May 27, 2022 3:56 PM
It shudders to read over and over again the testimony of Nadia Murad, the young woman awarded the Nobel Peace Prize in 2018. Nadia dreamed of being the last woman used as a sexual trophy by armed men who – like centuries ago – rape, torture and enslave to the wives, daughters, mothers of his enemies.
Murad dared to denounce the savagery of the militants of the self-proclaimed Islamic State against his Yazidi people, when they killed more than 5,000 innocent people and kidnapped many others, especially women. The girls were sold to merchants or to the military. Some teenagers, terrified by this fate, committed suicide by throwing themselves into the void from the mountains where the population had run to take refuge.
The jihadists attacked this Kurdish minority that lives mostly in Iraq because they consider that population to be “worshipers of the devil” because they have an ancient religion, close to Zoroastrianism. They were also accused of engaging in poetry and sacred dances, expressions abhorred by ISIS members.
The Yazudis aroused fear and admiration for their deep esoteric knowledge and mastery of their own body and mind. Different authors talk about them, such as Georg Gurdjieff and Peter Ouspensky, who describe how an imaginary circle can trap a person, just by force of thought. For this different knowledge they were secularly persecuted, like the gypsies. They have faced more than 70 massacres, but surely the one in 2014 is the most heinous.
Survivors recounted experiences so harrowing that they are difficult to reproduce: mothers forced to watch as their babies were dismembered and then eaten; parents who saw their children and grandchildren killed one by one and raped all the women in the family, even the smallest; others who knew how they were taken, as an old man recalls who lost his 19 children and grandchildren. They killed the males of the village, older than four years. infinite horror.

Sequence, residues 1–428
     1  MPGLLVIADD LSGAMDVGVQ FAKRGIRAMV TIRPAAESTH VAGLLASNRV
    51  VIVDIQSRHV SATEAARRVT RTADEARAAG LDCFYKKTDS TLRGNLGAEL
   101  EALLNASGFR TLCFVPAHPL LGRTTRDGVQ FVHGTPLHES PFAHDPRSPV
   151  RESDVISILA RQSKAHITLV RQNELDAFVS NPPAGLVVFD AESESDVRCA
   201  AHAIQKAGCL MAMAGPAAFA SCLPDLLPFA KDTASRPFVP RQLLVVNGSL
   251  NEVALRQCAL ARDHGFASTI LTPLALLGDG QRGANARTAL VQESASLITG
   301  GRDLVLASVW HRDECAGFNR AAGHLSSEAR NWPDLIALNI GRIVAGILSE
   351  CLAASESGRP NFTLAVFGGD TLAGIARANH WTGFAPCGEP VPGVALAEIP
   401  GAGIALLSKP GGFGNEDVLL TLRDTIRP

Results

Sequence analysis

Nadia’s own mother and six of her nine siblings were killed. She was sold into slavery and gang raped every day by ISIS members. She managed to escape, receive support from Kurdish women, reach Germany and write her moving book. At the age of 25 she received the Nobel Prize and many other awards for her bravery.
However, as she assures, she does not want to be a militant all her life. She wants to live in a different world, where her own children have the right to dream, where the Yazidis can worship the seven angels, have inbreeding marriages, maintain their tolerance of adulterous women.
The Yazidis posed no threat to ISIS or the Moscow-backed Syrian forces. They simply killed them for “infidels”. In Sinjar there are dozens of mass graves, and no one knows when relatives will be able to honor their loved ones or when the hostages will be rescued.
Someone will say that ISIS is a group of fanatics. The serious thing is that today, as I write, other women are trapped as spoils of war, tortured, raped. The troops of Vladimir Putin (so close to Evo Morales) are committing similar atrocities against the Ukrainians.
At the borders, especially with Poland, girls arrive with their future broken forever. Pregnancies, which for most women are a joy, for them is a tragedy. International entities and multidisciplinary teams are deployed to help them. No one will bring back the past. As Murad pointed out: “They stole our lives, our memories, they destroyed us.” “My hope, she said upon receiving the award, is that all women are heard”. He now knows that she is not the last female sacrificed as a military trophy.
In Bolivia, the coordinators and other feminist groups remain silent.
Lupe Cajías is a journalist
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Nadia Murad: “I will be the last” | ANF - Fides News Agency